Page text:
Written by Tim Rohrer
My wife, Emily, is the writer in our family. When she commented that our recent electrical system upgrades would make for a good blog post at MyHeartland, I naturally wanted to help her. Being the ever dutiful husband, I launched into a discussion of the derivatives of Ohm's Law, inverters, batteries and so forth.
Watching my wife's eyes glaze over as I dissertated the minutiae of electrical systems let me know that I would have to tackle this article on my own. So here, in my own words, is the story of our 2008 Heartland Bighorn electrical system upgrade. Through a 3-part series, I'll cover how I planned the system, decided upon and obtained the equipment, and carried out the installation, including lessons learned.
Disclaimer: Electricity and electrical systems can be dangerous to living things and electrical equipment if not handled properly. What I write will convey my own experiences. If you or anyone else should choose to use any of the information in this post, you do so at your own risk. If you're not comfortable handling electrical circuits or equipment, find someone who is knowledgeable about such things to help you.
Our own less, do more adventure inspires opportunities for simplicity and self-sufficiency. RV resorts provide comforts, but can be expensive and are often booked solid, especially during the winter months or in popular areas. Having the option to park where comforts are defined differently is appealing to us.
Our RV lacked a robust source of 12V power, a useful electrical monitoring system, and the ability to convert the 12V battery power into 120V current necessary for the four computers we have onboard. Yes, four. I know, I'm a geek. We don't have a residential refrigerator, or more than one TV, but my servers, external storage, backup system and networking gear consume more that 200 watts whenever they're all turned on. If I only run the networking equipment, the consumption drops to about 60 watts. If you don't understand what that means, stay with me and I'll explain it.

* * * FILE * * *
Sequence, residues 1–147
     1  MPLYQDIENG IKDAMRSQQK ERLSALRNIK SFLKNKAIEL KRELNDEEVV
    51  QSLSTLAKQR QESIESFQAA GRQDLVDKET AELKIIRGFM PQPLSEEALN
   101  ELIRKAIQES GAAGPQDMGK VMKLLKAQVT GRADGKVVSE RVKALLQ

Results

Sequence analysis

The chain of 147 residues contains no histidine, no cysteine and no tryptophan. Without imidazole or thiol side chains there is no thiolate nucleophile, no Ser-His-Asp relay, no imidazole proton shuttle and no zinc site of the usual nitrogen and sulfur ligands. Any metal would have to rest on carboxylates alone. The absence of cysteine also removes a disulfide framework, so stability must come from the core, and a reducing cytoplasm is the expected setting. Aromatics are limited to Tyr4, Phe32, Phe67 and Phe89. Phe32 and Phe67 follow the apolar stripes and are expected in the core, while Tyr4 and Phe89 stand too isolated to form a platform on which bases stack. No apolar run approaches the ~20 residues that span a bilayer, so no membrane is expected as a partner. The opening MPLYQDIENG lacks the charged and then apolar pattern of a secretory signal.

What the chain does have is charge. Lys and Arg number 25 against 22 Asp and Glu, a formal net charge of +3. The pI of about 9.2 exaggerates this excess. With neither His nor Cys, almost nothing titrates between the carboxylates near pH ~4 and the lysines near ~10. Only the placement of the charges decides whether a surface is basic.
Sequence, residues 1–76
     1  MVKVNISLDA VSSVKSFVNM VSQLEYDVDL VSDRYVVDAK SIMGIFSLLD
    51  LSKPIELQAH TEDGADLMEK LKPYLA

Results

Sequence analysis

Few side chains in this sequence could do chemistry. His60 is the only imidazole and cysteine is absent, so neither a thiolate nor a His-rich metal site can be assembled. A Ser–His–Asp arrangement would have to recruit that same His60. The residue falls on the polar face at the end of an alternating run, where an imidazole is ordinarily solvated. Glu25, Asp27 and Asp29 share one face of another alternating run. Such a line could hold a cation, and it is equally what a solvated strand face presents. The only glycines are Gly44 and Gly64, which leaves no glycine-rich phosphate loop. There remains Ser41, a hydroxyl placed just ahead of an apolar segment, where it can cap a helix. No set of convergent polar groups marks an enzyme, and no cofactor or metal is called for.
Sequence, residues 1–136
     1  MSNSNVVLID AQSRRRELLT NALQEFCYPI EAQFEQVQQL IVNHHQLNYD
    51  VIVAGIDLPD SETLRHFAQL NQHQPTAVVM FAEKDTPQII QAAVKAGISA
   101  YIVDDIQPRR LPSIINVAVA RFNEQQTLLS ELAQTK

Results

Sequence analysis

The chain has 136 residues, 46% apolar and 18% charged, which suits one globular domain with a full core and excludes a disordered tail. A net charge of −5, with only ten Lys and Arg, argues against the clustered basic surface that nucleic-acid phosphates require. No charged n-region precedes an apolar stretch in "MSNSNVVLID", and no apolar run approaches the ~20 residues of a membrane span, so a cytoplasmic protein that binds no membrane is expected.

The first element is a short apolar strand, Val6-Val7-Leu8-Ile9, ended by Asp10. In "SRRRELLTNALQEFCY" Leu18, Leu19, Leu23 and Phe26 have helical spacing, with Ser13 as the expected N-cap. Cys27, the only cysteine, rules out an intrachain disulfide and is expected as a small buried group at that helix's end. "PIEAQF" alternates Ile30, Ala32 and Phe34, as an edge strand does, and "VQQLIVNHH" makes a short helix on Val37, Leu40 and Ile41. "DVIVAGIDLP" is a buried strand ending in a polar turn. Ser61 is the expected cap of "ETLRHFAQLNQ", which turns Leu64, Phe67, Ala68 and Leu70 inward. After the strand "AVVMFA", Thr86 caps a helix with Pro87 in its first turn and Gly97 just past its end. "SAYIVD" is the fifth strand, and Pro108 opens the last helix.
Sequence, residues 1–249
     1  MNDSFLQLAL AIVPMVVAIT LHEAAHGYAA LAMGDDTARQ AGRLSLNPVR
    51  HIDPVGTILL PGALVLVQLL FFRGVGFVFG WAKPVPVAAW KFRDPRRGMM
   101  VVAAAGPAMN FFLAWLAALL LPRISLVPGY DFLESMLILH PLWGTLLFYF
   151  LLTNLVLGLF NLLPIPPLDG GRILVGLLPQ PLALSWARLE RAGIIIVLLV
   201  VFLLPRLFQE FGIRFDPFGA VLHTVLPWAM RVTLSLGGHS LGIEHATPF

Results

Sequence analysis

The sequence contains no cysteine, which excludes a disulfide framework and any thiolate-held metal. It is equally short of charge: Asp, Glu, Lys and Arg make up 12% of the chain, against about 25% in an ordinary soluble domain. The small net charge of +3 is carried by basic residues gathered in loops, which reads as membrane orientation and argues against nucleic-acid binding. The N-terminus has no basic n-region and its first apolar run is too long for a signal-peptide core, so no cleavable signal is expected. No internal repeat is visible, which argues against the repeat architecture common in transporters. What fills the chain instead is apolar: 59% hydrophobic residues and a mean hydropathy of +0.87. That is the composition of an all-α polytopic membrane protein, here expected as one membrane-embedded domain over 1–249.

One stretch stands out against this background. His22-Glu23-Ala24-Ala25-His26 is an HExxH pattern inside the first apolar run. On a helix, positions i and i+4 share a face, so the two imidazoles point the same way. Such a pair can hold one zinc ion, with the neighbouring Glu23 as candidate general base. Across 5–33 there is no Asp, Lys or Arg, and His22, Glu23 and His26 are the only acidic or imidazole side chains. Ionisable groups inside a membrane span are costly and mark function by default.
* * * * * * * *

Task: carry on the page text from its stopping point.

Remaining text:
In short, I wanted an electrical system that would allow us to boondock (camp without hookups) for several days while allowing us to run computers and other 120V electrical systems. Oh, and it needed to provide me with lots of data and control.
Where to begin? Planning!
As a naval officer of 25 years, I learned that plans often aren't worth much, but planning is indispensable. I began by developing an understanding of our requirements. As part of this process, I turned to the Heartland Owners Forum for experience and knowledge. The best reference I found there was website maintained by Jack Mayer, who has been full-timing for over 16 years, and has written extensively on RV electrical and solar upgrades.
Next, choose your path: Research how to size a new battery bank and inverter to meet your personal needs, or, accept parameters based on other system designs. The average RVers can likely run a reasonable number of electronics over a 24-36-hour period without recharging if they have a battery bank capable of between 400-500 amp-hours. Smaller banks are fine if your appliances run on propane and you don't want to use a lot of electronics like TVs or computers for hours on end. Similarly, most inverters in the 1500- to 2000-watt range are sufficient for all but the most demanding cases. If that satisfies your curiosity, please skip ahead to the section "A drawing is worth a thousand words." If not…
The Devil Is in the Details.
Developing your own personalized requirements is easier If you or someone in your family understands the fundamentals of electricity. If not, you can use resources available online, or I can answer questions below in the comments.
RV electrical equipment is designed to operate on either 12 or 120 volt electricity (but generally not both) using a certain amount of power in watts (W). Knowing the voltage is important for determining how much current (in amps) your battery bank should provide to keep the RV occupants happy. There is a relationship here that people a heck of a lot smarter than me figured out years ago: